Swedroe: Questioning Value Of Endowments

Swedroe: Questioning Value Of Endowments

Sure, endowments like Harvard’s are huge, but are they really any good?

Reviewed by: Larry Swedroe
Edited by: Larry Swedroe

Educational institutions hold billions of dollars in endowment funds. As of June 2013, the most recent data available, the five largest educational endowments (Harvard University, Yale University, The University of Texas system, Stanford University and Princeton University) collectively managed nearly $110.5 billion. All educational endowments managed in excess of $448 billion.

While they are often critical to funding educational institutions, we actually know very little about the performance of endowments. The poor performance of many of these funds, however, has led to questions about whether the “endowment model” actually delivers superior results.

Under The Microscope

Brad Barber and Guojun Wang—authors of the 2013 paper, “Do (Some) University Endowments Earn Alpha?”—set out to examine the following three questions:

  1. Does the average endowment earn an abnormal return (alpha) relative to standard benchmarks?
  2. Do elite institutions earn alpha?
  3. Is there evidence of performance persistence in endowment returns?

To find the answers, the study’s authors analyzed the performance of a large set of institutions for the 21-year period ending June 2011.

Initial Verdict

The following is a summary of their findings:

  • A simple factor model (which did not include the size and value factors) that shows a 59 percent exposure to stocks (the S&P 500 Index for U.S. stocks and the Morgan Stanley Capital Index ex-U.S. for international stocks) and a 41 percent exposure to bonds (Barclays Capital Aggregate Bond Index) explains virtually all (99 percent) of endowment returns.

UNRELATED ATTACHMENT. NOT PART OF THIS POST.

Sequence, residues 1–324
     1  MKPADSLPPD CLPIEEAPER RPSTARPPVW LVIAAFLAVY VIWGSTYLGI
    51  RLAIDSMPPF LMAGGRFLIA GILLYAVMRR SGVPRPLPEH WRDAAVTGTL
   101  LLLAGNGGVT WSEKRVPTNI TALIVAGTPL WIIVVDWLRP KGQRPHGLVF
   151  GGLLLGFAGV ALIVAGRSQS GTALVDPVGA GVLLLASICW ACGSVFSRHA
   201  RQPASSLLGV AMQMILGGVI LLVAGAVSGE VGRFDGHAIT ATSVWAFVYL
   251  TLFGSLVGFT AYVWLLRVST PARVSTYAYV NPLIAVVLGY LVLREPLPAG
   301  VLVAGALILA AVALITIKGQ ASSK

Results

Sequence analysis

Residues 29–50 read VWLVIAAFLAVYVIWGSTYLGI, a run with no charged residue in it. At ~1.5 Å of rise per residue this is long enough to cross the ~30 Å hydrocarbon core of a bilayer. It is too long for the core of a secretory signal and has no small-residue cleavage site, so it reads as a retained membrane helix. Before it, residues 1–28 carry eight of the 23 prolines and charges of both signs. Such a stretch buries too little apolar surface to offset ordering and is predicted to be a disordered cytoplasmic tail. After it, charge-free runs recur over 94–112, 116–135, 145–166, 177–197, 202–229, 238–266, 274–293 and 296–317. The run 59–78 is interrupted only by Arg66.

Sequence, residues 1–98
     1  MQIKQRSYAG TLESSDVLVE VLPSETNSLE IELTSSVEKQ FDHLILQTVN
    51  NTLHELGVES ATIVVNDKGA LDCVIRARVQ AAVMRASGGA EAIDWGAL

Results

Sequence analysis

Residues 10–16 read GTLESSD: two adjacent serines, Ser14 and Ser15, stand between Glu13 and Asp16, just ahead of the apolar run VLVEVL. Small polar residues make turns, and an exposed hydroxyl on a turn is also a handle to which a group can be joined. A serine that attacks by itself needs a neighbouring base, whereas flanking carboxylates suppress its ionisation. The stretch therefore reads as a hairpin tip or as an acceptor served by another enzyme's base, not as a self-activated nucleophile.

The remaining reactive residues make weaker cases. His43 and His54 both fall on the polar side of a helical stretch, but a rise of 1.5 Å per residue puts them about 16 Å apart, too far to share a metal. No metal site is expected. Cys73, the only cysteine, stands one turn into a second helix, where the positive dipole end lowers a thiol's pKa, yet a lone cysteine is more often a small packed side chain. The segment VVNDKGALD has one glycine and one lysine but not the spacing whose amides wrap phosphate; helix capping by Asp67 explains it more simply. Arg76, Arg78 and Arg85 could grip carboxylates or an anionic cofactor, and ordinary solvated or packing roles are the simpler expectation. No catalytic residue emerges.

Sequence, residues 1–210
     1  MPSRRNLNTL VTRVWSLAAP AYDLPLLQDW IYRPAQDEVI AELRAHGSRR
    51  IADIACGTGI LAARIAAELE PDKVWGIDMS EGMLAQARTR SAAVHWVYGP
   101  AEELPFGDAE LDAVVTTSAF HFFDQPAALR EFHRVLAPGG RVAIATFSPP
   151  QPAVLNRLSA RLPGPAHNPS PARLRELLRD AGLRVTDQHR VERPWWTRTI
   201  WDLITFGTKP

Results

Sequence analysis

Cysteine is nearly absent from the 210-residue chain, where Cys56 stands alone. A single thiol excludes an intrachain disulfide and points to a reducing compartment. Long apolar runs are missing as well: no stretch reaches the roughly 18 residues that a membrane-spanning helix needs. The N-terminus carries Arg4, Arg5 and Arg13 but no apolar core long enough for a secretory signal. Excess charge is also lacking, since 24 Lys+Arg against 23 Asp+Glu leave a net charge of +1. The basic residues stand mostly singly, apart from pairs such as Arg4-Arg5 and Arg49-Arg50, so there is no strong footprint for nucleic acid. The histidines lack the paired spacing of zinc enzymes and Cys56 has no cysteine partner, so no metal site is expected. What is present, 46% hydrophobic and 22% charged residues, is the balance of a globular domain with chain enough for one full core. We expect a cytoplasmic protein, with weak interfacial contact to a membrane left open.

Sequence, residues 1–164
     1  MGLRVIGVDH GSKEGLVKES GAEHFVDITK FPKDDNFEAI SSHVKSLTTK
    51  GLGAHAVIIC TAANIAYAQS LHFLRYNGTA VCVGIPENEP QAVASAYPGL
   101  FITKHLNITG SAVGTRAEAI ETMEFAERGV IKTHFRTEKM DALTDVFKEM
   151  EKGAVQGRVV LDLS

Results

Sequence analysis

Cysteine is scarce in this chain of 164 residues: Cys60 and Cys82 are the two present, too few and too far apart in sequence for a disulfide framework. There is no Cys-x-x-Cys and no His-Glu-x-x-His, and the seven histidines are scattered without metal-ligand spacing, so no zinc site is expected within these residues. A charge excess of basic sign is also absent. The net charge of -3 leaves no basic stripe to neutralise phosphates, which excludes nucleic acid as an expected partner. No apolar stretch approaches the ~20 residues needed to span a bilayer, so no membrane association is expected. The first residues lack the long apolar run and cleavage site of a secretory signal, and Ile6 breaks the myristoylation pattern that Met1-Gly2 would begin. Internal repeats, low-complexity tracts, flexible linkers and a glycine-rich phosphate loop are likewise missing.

• Even before adjusting for exposure to small and value stocks, endowments’ small positive alpha of 0.4 percent per year wasn’t statistically different from zero. And, given that in the U.S., the size premium was about 2.6 percentage points a year and the value premium was about 4.5 percentage points a year over the period studied, it seems likely that if returns were adjusted to account for exposure to small and value stocks, the alpha earned by endowments would have been zero or negative.
  • Despite taking on more risks in the form of opaque investments (such as hedge funds), lack of liquidity (hedge funds and private equity) and other incremental risks (such as with venture capital), there was no evidence that the average endowment is able to deliver alpha relative to public stock and bond benchmarks.
  • Using both the two- or three-factor models, there is strong evidence of persistence in performance. The endowments in the top-performing decile earned returns that were roughly 4 percentage points a year higher than the endowments in the bottom decile.

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Statistical Significance

That difference was statistically significant. Furthermore, the top Ivy League schools appeared to have outperformed other institutions.

However, once the benchmark was expanded to include other factors that more accurately reflect the way endowments actually invest—36 percent in U.S. stocks, 31 percent in U.S. bonds, 13 percent in non-U.S. stocks, 11 percent hedge fund index (Hedge Fund Research Fund-Weighted Composite Index) and 8 percent private equity index (Cambridge Associates U.S. Private Equity Index)—the average fund underperformed by 0.7 percentage points per year.

Moreover, the alphas of the Ivy League endowment funds disappeared. In other words, any apparent outperformance was explained by the strategic exposure to riskier investments, not any special skill in investment selection within an asset class.